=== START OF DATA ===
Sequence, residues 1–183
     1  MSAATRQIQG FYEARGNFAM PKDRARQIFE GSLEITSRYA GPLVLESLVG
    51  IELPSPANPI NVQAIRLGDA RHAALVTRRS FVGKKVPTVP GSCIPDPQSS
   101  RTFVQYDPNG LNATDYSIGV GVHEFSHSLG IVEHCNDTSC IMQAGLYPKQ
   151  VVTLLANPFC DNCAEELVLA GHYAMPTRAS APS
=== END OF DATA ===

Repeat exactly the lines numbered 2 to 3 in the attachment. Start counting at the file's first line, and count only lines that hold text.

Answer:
     1  MSAATRQIQG FYEARGNFAM PKDRARQIFE GSLEITSRYA GPLVLESLVG
    51  IELPSPANPI NVQAIRLGDA RHAALVTRRS FVGKKVPTVP GSCIPDPQSS